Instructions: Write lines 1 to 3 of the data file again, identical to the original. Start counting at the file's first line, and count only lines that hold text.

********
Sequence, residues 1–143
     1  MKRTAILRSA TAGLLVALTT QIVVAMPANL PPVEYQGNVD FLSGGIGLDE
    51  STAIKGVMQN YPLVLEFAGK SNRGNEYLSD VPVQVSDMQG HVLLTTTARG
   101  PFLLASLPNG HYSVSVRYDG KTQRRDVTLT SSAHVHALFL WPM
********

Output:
Sequence, residues 1–143
     1  MKRTAILRSA TAGLLVALTT QIVVAMPANL PPVEYQGNVD FLSGGIGLDE
    51  STAIKGVMQN YPLVLEFAGK SNRGNEYLSD VPVQVSDMQG HVLLTTTARG